In 2017 along with his sons Drew and Matthew, Trommer purchased a high-energy bay filly for $60,000 out of the Fasig-Tipton Midlantic 2-year-olds in training auction. The daughter of Midshipman marked Trommer’s return to Thoroughbred ownership after a brief hiatus from the sport and, over the next couple seasons, the aptly-named Princess Warrior would provide the family with every peak and valley the game has to offer.
In her maiden victory at Churchill Downs in September 2017, Princess Warrior defeated future Grade 1 winner Mia Mischief. Two starts later, she was competing in that year’s Breeders’ Cup Juvenile Fillies and by the end of her 3-year-old season, she had become a graded stakes winner courtesy of her triumph in the 2018 Grade 2 Mrs. Revere Stakes beneath the Twin Spires.
The hope for Princess Warrior’s 4-year-old season was that she would continue to hold her own in the salty ranks of the female turf division. On the afternoon of May 10, however, all her connections wanted for their girl was the chance for her to live out the rest of her days after she fractured both sesamoids in her left front leg during an allowance optional claiming race at Churchill Downs.
“When you accept being in this game and you accept the ownership of this game, you have to take the highs and lows. And not everyone can do that,” Trommer said. “But you have to stay on an even keel even in the worst of times. So that was part of the game. We didn’t care about anything else except making sure that filly got to live on. It wasn’t about her value, it wasn’t about money, it wasn’t about anything at that point. It went right to the fact that this horse gave everything for us and we were going to do the same thing for her.”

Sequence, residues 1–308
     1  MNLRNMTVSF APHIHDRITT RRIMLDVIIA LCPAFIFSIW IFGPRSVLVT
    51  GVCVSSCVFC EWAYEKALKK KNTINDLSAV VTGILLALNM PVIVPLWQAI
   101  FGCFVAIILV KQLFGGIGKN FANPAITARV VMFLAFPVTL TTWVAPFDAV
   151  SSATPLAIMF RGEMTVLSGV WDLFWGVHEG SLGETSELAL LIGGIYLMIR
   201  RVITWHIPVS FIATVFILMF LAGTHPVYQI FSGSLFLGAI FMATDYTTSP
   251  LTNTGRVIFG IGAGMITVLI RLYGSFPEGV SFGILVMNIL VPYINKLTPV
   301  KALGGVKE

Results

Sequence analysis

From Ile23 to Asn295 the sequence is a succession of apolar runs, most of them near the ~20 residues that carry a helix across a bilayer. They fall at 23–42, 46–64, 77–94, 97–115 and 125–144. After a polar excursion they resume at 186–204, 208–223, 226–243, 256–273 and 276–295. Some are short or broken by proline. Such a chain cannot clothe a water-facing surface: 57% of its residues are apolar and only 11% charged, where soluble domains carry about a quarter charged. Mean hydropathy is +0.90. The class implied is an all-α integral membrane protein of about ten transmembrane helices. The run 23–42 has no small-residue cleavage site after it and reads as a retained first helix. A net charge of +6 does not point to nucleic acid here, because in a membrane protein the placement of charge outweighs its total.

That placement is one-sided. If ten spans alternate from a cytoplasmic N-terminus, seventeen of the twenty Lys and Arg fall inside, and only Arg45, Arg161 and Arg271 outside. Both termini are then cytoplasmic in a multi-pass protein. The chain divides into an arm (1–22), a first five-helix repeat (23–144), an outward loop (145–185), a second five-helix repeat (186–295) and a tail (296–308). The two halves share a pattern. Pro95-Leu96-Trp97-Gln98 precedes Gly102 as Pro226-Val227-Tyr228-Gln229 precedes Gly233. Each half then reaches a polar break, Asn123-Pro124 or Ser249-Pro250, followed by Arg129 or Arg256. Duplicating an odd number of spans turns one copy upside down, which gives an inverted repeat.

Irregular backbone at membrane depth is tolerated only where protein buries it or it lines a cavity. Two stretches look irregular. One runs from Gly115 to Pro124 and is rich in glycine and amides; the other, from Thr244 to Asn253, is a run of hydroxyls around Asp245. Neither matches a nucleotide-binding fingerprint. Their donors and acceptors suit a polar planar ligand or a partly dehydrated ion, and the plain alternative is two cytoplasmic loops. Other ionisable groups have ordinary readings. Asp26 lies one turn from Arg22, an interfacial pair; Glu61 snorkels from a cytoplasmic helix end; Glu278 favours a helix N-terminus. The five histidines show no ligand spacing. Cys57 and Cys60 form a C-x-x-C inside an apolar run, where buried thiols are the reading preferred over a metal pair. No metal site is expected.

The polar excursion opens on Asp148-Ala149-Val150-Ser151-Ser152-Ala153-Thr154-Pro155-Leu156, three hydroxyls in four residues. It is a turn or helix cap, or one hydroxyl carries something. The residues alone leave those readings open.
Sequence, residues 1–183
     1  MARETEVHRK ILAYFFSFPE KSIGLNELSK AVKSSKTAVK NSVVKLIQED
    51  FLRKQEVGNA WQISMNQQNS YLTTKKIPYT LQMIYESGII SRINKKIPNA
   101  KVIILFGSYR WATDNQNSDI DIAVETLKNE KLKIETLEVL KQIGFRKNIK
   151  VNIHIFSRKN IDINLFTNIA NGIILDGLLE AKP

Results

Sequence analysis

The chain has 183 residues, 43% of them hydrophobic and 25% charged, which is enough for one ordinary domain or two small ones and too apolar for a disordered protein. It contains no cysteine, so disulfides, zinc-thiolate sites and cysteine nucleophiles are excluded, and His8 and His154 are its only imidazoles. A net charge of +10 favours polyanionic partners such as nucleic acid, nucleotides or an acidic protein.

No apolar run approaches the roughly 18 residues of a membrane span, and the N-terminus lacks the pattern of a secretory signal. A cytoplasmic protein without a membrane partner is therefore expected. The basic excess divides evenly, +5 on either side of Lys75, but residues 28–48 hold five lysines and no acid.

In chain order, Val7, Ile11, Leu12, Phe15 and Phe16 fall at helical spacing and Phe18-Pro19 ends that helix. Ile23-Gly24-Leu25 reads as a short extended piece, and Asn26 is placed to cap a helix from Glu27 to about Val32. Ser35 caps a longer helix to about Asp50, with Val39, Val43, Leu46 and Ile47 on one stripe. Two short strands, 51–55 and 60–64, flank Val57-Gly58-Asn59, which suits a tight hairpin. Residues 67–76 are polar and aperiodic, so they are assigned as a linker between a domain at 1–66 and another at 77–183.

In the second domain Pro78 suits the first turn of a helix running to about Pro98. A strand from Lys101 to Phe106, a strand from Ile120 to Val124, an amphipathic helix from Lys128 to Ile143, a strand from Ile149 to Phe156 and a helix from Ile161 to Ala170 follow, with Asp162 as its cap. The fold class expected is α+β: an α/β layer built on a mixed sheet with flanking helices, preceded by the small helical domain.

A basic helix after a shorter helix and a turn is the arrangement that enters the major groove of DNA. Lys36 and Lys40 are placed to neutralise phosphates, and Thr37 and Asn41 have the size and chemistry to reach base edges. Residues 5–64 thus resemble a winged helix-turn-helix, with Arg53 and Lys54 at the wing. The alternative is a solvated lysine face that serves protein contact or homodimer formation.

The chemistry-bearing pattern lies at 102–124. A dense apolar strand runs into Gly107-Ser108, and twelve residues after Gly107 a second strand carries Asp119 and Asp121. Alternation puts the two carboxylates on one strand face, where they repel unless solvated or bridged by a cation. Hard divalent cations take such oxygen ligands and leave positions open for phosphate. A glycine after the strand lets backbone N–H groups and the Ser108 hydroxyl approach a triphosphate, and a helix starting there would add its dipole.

A successful surgery performed by Dr. Larry Bramlage at Rood & Riddle Equine Hospital indeed saved Princess Warrior, who is now set to begin a broodmare career for the Trommers after failing to meet her reserve with a final bid of $400,000 at the 2020 Keeneland January Horses of All Ages sale.
“We didn’t want to give her away. She means a lot to us,” said Trommer, adding that mating plans for Princess Warrior are being finalized. “She was the first real family horse where the boys were all of age and owned part of the horse. This horse meant a lot to us and still does.”
Watching Princess Warrior tear around her paddock still full of herself ranks as one of the biggest triumphs Trommer has enjoyed in the sport, and he is hopeful his family has more extraordinary experiences on tap as they build up their stable. To that end, he would love to come home from Vegas with an extra $800,000 in resources to put toward that quest.
“It’s just another piece of the token. It makes you appreciate the sport and makes you appreciate when you can come out on the right side of things,” Trommer said. “We’ll count our blessings on that. And maybe (Princess Warrior) will bring us a little luck going into (NHC).”